A few weeks ago, a colleague of mine dropped by for a beer and brought me the jar of Puttanesca Pasta Sauce you see pictured above. The timing was rather coincidental as I had been planning to do a blog post about Puttanesca Sauce for some time now as it is a favorite of mine and the origin of the name, which essentially means ‘Prostitute’s Sauce’, is a bit of a mystery. On reading the label, I was informed that Pasta Puttanesca was ‘first served in a popular night spot on the island of Ischia in the 1950’s’. This is the first time I have heard that tidbit of information and it is something I want to research a little further. I still plan to do a more detailed post on the Puttanesca Sauce, along with my own recipe, so for today I’ll save any further discussion of the origins and restrict myself to a taste test of the instant product… Continue reading “Foodstuff: Ocean Brand™ Puttanesca Sauce”
1-483 Range Lake Road, Yellowknife – Website
Date of Visit: October, 2015
I have wanted to try Diamante for quite a while now, but my schedules on other visits to Yellowknife have never allowed it until now. I did read one rather discouraging Zomato review of the place but I am happy to report that my experience was much better… Continue reading “Review: Diamante – Yellowknife, NWT”
Over the years, I have come across quite a few recipes which use breadcrumbs as a component of simple, rustic pasta sauces. Until now, however, I had never tried it and the result you see above really came about as a last minute idea with leftover ingredients.
I recently bought some very nice veal cutlets. I wanted to use breaded cutlets for a Veal Parmesan Sandwich idea I am working on but I had a whole cutlet leftover and decided to have it with pasta. As always, whenever I bread cutlets (or anything else) I had extra beaten eggs and seasoned breadcrumbs leftover and so, instead of tossing them (as I usually would), I saw a way to use them… Continue reading “A Pasta Experiment”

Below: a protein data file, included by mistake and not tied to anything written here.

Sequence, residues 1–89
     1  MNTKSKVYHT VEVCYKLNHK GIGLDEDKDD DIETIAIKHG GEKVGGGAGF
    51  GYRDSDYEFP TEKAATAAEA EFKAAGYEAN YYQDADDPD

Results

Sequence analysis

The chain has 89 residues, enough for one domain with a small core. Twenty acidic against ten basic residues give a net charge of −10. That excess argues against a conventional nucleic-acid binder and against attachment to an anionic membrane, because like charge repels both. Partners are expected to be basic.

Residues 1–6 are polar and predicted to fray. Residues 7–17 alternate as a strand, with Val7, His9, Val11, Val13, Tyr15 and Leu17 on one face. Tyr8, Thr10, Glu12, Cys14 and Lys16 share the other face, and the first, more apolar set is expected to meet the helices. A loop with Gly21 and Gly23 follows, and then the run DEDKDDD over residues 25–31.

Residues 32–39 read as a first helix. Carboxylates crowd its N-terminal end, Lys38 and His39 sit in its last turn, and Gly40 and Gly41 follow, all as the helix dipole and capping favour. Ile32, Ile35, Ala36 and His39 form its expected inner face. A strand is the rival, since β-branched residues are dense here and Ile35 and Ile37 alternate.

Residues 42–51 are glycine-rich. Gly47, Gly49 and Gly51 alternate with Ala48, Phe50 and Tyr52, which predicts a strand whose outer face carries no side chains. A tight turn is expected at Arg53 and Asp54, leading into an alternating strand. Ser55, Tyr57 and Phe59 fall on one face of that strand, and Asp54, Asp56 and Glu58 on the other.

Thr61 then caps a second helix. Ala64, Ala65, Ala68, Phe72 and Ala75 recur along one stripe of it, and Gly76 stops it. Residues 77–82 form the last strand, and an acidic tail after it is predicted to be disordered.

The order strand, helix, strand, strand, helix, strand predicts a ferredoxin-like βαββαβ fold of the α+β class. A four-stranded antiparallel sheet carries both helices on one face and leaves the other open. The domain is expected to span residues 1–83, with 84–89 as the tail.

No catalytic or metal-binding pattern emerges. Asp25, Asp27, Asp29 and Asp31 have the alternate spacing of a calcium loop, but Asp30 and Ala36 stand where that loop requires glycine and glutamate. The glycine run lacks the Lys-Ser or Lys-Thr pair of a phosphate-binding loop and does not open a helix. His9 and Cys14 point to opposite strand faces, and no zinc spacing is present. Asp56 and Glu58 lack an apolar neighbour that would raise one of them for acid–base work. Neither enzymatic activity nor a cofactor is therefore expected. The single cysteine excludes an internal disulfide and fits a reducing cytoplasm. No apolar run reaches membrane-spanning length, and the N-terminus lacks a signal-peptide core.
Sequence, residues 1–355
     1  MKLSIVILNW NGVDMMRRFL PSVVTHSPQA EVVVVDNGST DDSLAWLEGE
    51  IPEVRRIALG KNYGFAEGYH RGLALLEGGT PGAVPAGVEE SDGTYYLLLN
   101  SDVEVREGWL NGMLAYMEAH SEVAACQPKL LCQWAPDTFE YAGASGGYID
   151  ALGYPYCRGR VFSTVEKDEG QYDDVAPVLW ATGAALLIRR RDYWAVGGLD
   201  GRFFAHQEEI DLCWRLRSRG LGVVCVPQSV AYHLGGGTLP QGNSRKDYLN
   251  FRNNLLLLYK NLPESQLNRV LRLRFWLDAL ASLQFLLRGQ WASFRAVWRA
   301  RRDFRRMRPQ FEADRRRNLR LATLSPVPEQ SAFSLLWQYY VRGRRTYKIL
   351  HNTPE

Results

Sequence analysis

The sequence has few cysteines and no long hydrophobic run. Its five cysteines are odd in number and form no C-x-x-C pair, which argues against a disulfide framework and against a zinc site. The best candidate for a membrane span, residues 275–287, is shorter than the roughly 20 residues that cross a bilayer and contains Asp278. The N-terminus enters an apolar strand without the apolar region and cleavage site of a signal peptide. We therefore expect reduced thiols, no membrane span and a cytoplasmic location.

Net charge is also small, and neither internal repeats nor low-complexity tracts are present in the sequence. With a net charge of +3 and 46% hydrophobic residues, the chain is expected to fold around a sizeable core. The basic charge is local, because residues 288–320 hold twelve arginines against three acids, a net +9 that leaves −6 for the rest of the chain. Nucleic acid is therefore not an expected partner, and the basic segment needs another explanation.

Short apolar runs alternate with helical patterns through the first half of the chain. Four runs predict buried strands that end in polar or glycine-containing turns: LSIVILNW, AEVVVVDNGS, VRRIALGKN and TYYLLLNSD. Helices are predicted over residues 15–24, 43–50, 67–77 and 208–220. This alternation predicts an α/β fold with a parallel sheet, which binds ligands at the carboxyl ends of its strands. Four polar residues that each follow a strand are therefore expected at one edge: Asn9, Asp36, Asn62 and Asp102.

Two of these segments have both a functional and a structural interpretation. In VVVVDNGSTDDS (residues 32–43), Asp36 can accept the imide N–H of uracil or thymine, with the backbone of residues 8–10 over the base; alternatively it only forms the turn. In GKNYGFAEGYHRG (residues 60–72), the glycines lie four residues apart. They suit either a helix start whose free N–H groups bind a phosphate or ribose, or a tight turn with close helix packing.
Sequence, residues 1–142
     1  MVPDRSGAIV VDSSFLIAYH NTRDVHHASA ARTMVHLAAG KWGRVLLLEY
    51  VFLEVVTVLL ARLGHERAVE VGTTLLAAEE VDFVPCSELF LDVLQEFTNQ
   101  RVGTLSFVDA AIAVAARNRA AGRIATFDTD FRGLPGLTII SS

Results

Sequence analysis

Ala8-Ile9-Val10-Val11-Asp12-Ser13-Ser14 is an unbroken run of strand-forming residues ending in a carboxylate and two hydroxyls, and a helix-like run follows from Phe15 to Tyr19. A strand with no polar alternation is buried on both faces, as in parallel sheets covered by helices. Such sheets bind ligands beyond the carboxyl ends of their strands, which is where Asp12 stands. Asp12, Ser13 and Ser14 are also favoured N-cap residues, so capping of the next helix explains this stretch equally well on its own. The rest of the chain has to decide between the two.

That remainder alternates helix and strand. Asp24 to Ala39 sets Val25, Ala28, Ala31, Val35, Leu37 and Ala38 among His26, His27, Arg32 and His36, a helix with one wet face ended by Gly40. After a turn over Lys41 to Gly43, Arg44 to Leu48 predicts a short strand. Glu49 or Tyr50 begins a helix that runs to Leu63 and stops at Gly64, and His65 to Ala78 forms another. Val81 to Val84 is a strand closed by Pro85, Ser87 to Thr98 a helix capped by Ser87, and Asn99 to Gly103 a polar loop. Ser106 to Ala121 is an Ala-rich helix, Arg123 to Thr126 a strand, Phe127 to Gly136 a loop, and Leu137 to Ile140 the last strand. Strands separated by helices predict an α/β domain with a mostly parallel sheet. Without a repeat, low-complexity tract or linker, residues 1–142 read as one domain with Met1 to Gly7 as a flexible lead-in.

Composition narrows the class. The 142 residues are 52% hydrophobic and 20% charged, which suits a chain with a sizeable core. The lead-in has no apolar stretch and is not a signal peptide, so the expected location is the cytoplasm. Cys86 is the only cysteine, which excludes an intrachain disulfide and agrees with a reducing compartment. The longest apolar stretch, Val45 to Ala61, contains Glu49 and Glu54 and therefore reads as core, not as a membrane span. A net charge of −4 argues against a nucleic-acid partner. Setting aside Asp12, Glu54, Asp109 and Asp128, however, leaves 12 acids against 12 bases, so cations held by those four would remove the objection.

Spaghetti Aglio E Olio, or pasta cooked with olive oil and garlic, is one the simplest, and much loved basics in Italian cookery. I make it quite often and, as others do, I frequently add a little parsley and then round out the oil with a bit of butter as well. Today’s dish is a slightly more upscale, yet still rustic, offshoot of the original and not only includes some additional herbs, but is enhanced with a small amount of cream towards the end of the cooking process… Continue reading “Pasta with Herbs and Cream”
10162 100 St., Edmonton – Website
Date of Visit: July 10, 2015
I came across this place online and had made a note to come for dinner one evening but when some lunch plans fell through I ended up stopping here instead. Happily, I wasn’t disappointed… Continue reading “Review: Sorrentino’s Bistro and Bar”
The inspiration for today’s post came from my fellow blogger Daisy (aka Baconbiscuit212) who recently posted a recipe for her own creation, Ramp Pesto. Ramps are a vegetable product that have not made it to my corner of the world thus far, unfortunately, and I wondered if I could make something similar using scallions. Actually, the result I came up with is really two sorts of pesto as you can make a version that includes Parmesan, and one without…
Basically, you can use my scallion pesto anywhere that you would use a more traditional basil Pesto. Daisy suggests using hers as a pasta sauce, a steak topping and as a dip for bread. To the latter, I would also add that it would be a good topping for bruschetta as well and, especially using the non-cheese variety, as a sauce base for fish or shellfish. Continue reading “Scallion-Garlic Pesto”